Featured Research

from universities, journals, and other organizations

Afatinib benefits lung cancer patients whose cancer progressed after treatment with EGFR inhibitors, trial shows

Date:
October 12, 2010
Source:
European Society for Medical Oncology
Summary:
Lung cancer patients who have already been treated with the EGFR inhibitors erlotinib or gefitinib seem to gain further benefits in terms of progression-free survival and tumor shrinkage when treated with the new drug afatinib, the results of a Phase IIb/III trial show.

Lung cancer patients who have already been treated with the EGFR inhibitors erlotinib or gefitinib seem to gain further benefits in terms of progression-free survival and tumor shrinkage when treated with the new drug afatinib, the results of a Phase IIb/III trial show.

At the 35th Congress of the European Society for Medical Oncology (ESMO) in Milan, Italy, Dr Vincent Miller from Memorial Sloan-Kettering Cancer Center in New York, USA, reported findings from the LUX-Lung 1 trial of afatinib in 585 patients with lung adenocarcinoma whose cancer had progressed after chemotherapy and erlotinib or gefitinib.

The participants were randomly assigned to either best supportive care plus a placebo, or supportive care plus afatinib, which is an irreversible inhibitor of two cancer-associated cell surface molecules --epidermal growth factor receptor (EGFR) and human epidermal growth factor receptor 2 (HER2).

While the results showed no significant difference in overall survival between the two groups, patients who were given afatinib saw disease progression delayed and were more likely to experience tumor shrinkage, Dr Miller said.

Median overall survival was 10.78 months for patients who received supportive care plus afatinib, compared to 11.96 months for those receiving supportive care plus placebo. "The median overall survival for both arms was expected to be approximately five months," Dr Miller said. "The fact that it was nearly one year was unexpected."

Median progression-free survival was 3.3 months for patients administered afatinib, compared to 1.1 month in the placebo group. The disease control rate after 8 weeks of therapy was 58% in the afatinib arm, and 19% for the placebo arm. The investigator analysis saw an overall response rate of 11% in afatinib patients, compared to 0.5% for those receiving placebo plus best supportive care.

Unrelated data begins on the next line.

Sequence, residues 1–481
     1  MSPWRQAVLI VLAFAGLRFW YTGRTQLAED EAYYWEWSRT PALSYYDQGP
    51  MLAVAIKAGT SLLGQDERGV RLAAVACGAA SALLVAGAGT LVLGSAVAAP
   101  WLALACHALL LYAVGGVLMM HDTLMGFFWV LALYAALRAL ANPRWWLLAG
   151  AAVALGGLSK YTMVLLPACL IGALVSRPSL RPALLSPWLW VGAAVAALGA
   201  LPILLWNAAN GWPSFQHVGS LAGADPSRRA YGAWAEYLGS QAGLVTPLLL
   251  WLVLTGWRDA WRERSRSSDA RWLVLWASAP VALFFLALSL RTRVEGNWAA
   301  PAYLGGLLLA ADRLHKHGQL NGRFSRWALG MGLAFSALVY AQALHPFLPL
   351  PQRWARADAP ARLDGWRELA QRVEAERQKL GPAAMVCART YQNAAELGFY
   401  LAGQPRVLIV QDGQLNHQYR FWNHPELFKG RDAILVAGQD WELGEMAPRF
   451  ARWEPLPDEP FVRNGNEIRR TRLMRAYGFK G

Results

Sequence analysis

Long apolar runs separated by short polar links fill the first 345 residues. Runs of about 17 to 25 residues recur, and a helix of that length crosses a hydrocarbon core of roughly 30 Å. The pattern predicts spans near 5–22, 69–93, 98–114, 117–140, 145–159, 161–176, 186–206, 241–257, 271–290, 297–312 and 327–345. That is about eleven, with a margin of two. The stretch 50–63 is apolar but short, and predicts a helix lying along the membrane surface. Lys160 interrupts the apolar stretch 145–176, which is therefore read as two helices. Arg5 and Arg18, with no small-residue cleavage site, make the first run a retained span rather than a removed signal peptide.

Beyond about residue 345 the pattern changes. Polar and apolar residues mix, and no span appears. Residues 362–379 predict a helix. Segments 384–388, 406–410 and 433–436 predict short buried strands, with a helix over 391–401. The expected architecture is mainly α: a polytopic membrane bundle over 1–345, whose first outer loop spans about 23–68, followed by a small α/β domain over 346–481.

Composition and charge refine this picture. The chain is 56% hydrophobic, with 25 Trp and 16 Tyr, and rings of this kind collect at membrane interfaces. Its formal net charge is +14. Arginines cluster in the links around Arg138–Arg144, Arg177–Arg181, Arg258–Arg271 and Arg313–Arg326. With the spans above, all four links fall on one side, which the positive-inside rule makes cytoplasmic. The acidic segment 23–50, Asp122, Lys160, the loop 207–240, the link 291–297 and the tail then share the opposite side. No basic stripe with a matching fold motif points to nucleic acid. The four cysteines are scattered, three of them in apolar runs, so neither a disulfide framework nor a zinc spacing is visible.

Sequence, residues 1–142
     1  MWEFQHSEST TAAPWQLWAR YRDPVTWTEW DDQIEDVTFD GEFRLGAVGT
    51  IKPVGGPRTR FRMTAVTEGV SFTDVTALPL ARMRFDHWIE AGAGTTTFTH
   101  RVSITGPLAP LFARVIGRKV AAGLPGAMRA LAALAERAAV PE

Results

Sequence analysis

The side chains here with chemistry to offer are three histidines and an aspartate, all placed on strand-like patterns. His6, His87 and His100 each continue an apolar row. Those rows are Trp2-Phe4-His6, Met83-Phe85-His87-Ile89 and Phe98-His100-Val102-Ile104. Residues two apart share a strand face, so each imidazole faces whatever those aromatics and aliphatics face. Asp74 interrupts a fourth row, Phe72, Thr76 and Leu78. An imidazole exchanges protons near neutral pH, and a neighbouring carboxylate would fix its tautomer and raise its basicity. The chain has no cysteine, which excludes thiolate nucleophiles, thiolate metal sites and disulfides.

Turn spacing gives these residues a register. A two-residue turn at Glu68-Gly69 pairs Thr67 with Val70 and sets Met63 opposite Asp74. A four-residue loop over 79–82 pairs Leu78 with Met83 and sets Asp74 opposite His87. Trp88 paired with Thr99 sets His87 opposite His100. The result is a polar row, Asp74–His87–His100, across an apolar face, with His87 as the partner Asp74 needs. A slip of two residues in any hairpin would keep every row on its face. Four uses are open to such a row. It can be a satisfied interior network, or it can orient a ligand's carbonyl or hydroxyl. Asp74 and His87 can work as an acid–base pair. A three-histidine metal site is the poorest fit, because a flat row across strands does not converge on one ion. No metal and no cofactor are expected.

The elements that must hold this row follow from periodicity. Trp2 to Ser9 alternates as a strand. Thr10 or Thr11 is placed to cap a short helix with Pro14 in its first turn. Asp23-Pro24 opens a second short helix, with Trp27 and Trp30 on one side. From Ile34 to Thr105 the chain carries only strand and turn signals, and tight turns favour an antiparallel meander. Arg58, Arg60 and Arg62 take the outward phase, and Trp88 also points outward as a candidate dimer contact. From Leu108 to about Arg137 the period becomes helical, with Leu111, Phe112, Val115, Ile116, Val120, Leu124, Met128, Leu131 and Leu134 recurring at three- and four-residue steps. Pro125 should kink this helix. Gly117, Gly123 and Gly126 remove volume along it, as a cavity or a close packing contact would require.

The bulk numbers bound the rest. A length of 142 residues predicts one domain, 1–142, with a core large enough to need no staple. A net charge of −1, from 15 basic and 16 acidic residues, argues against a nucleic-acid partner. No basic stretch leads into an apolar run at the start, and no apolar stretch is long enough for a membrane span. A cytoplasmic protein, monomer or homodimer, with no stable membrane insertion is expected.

"Our study showed that adding afatinib to best supportive care improved progression free but not overall survival as compared to placebo and best supportive care in patients with advanced non-small cell lung cancer who previously received chemotherapy and either gefitinib or erlotinib," Dr Miller said.

Although the trial did not achieve its primary endpoint of extending life, this does not diminish the potential value of this drug in treating patients with this most lethal cancer killer, Dr Miller said.

"The fact that afatinib induced objective regressions in a population with no or limited treatment options, delayed progression of cancer and associated with some improvement in cancer-related symptoms cannot be minimized," said Dr Miller.

"The LUX-lung 1 randomized phase III trial demonstrates that afatinib (BIBW2992) is a very active compound in NSCLC," commented Professor Jean-Charles Soria from Institut Gustave Roussy, Paris, France.

"The lack of survival benefit may be related to the likely high enrichment of the trial population by EGFR mutated patients with outstanding median survival times of around 11 months in the 3rd/4th line setting," Prof Soria added. Such survivals are unprecedented in NSCLC and simply highlight the intrinsic good prognosis of EGFR-mutated NSCLC patients.


Story Source:

The above story is based on materials provided by European Society for Medical Oncology. Note: Materials may be edited for content and length.


Cite This Page: